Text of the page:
Ratcheting up their defense and finding the range on offense, the Celtics started with a 14-2 run. Even after Tom Heinsohn went to the bench with foul trouble, the onslaught continued. Hawks C Clyde Lovellette took a seat with foul trouble late in the period. Bill Russell, "freed of the octopus-like arms of his foe, had himself a ball." Russ, Sam Jones, and Frank Ramsey accounted for 29 straight points among them as the Celtics finished off an incredible 41-point quarter.
    Celtics 70 Hawks 53

Bill Russell goes up over Clyde Lovellette
  • Quarter 3
    After five minutes, Boston had stretched its lead to 87-65. The biggest lead of the day was 91-67 just before the end of the period. Hagan had his only good stretch of the game, scoring nine straight points
    Celtics 96 Hawks 78

Clyde Lovellette grabs the ball ahead of Gene Conley
  • Quarter 4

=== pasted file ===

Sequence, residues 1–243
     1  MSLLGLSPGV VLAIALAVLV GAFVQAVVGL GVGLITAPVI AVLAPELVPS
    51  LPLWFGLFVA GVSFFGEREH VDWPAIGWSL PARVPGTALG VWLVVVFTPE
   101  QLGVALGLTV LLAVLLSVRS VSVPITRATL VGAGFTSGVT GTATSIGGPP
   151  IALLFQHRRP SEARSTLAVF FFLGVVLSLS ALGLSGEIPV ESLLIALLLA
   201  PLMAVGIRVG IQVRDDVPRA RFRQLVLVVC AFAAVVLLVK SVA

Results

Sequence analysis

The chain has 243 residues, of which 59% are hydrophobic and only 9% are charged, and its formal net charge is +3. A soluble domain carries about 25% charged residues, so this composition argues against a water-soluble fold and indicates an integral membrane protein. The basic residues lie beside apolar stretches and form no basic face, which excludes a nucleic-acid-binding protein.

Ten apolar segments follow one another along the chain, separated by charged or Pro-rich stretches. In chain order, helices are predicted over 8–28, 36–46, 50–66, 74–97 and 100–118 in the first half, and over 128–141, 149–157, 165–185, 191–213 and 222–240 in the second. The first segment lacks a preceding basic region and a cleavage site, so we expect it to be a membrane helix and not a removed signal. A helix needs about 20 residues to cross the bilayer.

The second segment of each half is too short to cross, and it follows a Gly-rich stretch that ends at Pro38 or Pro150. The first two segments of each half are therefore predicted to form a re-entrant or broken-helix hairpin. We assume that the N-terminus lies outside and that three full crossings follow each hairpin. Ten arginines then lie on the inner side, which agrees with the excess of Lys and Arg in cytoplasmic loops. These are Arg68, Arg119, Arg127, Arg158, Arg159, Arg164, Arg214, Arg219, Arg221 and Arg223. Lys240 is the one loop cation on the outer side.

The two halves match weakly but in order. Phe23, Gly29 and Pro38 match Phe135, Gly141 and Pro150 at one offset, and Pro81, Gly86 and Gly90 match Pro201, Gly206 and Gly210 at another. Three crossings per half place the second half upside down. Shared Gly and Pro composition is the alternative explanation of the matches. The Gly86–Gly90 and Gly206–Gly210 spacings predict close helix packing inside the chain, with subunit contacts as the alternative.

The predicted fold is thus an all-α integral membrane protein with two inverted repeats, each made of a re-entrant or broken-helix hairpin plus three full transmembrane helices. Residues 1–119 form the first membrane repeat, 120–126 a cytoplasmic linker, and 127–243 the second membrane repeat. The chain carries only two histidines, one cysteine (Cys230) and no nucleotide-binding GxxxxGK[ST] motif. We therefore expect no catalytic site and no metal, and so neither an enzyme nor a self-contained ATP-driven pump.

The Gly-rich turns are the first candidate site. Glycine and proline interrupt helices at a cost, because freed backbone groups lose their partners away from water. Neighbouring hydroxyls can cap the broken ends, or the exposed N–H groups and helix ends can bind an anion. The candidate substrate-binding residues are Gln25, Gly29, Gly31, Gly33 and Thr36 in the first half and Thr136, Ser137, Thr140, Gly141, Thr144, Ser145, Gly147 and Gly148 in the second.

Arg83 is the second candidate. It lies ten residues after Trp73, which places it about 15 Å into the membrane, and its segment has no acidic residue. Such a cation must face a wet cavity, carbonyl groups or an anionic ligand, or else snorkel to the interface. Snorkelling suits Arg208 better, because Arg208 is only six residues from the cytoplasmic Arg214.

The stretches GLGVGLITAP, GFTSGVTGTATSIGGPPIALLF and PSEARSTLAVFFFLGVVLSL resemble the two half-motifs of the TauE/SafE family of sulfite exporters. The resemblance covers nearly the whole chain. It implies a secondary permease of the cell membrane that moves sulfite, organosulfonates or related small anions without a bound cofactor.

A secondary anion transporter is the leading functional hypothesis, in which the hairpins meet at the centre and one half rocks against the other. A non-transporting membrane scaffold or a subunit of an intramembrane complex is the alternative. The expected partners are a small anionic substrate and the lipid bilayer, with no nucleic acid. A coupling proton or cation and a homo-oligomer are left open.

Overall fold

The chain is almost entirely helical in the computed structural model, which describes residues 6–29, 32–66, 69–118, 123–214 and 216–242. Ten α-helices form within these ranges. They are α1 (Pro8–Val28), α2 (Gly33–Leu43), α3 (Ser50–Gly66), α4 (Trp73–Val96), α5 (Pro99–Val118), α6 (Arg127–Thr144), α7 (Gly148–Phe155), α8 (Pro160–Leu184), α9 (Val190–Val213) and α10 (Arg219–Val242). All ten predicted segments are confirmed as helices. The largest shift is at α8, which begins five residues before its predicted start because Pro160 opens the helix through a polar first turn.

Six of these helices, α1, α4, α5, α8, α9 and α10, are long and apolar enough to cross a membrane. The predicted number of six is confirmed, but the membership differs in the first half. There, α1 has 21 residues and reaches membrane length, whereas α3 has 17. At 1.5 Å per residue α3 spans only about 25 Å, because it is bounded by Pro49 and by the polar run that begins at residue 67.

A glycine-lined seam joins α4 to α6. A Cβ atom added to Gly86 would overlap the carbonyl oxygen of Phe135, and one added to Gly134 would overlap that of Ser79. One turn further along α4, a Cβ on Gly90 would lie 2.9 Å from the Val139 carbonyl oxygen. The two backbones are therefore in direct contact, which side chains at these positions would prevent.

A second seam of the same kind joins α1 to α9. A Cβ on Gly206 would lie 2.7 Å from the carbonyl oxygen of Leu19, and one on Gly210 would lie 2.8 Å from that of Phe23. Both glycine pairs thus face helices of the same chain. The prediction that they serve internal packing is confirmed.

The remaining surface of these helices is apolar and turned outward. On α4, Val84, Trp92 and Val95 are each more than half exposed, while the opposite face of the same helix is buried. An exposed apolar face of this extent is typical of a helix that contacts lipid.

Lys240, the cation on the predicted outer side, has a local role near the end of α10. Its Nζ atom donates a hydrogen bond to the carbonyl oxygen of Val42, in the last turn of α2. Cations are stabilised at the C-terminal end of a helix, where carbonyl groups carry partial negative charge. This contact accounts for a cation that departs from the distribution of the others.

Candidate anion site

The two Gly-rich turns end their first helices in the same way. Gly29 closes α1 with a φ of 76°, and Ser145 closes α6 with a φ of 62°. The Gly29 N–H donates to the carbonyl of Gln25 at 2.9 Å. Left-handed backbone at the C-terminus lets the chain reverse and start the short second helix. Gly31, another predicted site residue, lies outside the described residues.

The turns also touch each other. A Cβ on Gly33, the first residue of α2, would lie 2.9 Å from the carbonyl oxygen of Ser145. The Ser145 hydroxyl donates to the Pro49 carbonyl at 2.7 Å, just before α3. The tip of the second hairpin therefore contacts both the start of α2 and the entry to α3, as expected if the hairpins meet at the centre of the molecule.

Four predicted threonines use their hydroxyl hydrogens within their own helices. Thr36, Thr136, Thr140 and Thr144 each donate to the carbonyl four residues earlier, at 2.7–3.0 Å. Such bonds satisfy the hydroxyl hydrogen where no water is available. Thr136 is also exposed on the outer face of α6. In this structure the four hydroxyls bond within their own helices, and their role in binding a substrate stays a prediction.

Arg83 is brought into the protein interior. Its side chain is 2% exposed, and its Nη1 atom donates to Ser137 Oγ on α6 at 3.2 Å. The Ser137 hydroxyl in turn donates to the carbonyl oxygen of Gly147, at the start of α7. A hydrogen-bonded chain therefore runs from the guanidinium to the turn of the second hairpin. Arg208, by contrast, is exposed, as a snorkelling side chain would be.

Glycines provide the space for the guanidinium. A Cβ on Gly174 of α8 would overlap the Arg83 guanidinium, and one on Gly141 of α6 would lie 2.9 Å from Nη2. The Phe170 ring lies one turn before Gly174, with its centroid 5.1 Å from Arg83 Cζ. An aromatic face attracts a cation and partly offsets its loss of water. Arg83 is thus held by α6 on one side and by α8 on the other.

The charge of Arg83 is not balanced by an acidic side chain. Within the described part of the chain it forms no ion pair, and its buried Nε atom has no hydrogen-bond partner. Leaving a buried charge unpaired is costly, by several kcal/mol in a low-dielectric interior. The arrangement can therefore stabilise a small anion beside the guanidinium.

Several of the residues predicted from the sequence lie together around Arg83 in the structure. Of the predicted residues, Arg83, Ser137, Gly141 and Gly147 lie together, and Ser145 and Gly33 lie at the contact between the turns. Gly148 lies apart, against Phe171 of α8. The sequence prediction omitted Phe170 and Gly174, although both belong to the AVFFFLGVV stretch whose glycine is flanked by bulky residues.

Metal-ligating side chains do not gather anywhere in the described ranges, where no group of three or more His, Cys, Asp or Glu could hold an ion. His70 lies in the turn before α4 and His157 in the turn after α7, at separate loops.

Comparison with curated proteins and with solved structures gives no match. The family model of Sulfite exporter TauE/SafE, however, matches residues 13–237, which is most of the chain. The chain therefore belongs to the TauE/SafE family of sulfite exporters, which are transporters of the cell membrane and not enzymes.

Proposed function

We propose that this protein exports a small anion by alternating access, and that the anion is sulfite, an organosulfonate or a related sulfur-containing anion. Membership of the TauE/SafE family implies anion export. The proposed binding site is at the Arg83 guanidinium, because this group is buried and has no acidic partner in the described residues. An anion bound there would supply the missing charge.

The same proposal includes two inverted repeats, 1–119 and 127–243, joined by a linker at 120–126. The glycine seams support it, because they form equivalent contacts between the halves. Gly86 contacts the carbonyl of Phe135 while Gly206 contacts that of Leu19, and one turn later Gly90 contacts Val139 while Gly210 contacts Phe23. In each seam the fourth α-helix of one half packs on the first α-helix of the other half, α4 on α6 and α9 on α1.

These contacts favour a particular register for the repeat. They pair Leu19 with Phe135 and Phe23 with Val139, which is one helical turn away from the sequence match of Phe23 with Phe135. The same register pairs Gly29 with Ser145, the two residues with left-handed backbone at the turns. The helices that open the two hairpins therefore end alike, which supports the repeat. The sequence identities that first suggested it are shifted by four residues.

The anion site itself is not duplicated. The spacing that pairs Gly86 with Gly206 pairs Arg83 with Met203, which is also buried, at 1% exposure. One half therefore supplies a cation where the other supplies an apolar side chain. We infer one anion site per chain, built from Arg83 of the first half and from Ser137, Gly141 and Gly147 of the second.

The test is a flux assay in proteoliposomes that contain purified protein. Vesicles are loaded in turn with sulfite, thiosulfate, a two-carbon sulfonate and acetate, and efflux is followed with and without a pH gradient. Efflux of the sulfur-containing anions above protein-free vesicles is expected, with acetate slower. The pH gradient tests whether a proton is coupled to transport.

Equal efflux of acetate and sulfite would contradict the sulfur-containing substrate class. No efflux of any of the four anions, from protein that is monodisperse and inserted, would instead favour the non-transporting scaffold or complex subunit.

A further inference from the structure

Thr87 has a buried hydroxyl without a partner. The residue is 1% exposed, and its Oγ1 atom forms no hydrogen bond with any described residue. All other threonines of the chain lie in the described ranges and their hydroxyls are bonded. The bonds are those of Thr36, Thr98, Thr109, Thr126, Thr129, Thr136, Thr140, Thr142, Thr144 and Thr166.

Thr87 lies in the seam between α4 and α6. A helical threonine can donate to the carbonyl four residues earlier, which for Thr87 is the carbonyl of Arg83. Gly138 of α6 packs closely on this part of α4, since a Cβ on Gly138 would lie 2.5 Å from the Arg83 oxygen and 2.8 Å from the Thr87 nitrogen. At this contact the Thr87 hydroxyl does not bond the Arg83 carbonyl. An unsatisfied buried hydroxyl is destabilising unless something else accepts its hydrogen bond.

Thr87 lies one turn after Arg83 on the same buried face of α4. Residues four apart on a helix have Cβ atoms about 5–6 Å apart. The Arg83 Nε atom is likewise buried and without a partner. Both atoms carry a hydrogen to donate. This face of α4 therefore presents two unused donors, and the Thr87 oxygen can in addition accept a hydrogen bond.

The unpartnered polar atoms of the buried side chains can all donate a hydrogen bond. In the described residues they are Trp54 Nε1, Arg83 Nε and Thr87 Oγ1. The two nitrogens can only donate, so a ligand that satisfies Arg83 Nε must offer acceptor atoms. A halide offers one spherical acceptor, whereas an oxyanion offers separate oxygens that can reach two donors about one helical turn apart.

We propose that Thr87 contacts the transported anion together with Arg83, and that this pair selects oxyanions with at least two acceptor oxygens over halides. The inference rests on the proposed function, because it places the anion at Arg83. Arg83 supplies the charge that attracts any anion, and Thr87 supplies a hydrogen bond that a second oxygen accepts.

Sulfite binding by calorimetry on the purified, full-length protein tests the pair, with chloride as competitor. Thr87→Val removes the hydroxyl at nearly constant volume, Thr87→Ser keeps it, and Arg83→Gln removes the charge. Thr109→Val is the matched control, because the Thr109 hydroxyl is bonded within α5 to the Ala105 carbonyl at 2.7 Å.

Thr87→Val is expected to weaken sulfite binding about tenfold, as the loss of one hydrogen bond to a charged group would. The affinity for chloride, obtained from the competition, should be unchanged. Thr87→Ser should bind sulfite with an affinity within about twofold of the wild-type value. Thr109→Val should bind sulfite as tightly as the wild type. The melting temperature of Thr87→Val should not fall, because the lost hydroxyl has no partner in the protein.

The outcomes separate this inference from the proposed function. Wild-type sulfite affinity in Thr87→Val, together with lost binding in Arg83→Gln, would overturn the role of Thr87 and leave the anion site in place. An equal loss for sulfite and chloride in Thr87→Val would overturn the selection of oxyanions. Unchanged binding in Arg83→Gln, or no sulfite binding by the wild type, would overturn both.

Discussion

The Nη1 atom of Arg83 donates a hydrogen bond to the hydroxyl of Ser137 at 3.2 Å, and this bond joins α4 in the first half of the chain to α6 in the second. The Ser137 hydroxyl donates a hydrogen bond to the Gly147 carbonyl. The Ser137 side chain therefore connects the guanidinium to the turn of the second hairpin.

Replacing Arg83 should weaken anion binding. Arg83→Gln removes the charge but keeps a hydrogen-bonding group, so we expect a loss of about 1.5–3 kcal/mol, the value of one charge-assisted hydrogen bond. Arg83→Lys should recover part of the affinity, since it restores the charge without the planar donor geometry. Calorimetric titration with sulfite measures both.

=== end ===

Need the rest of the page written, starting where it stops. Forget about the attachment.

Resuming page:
The Celtics slowed down the pace, content to sit on a cushion that was far beyond the reach of the visitors. With 42 seconds left, Cousy and Russell left the court for the first time to a rousing ovation. Bob had 19 points and 14 assists. Bill contributed 22 points and an amazing 35 rebounds.
    FINAL: Celtics 122 Hawks 103
In the last minutes of the game, fans started coming out of the stands and ringing the playing area despite the efforts of the police. When the final horn sounded, fans hoisted Cousy on their shoulders and carried him from the floor. Other fans tried the same trick with Russell but couldn't lift him. Heinsohn managed to get through the crowd to shake hands with Hagan and Pettit.
ST. LOUIS HAWKS
  Min FG FT Rebs Ast Fouls Points
Bob Pettit 43 8-18 6-13 14 4 4 22
Cliff Hagan 39 7-17 5-5 5 0 4 19
Clyde Lovellette 41 8-19 2-3 7 4 4 18
Johnny McCarthy 40 7-11 2-2 1 2 4 16
Dave Piontek 19 3-7 5-6 6 2 2 11
Al Ferrari 10 0-1 0-0 1 1 0 0
Si Green 45 7-14 3-6 5 5 4 17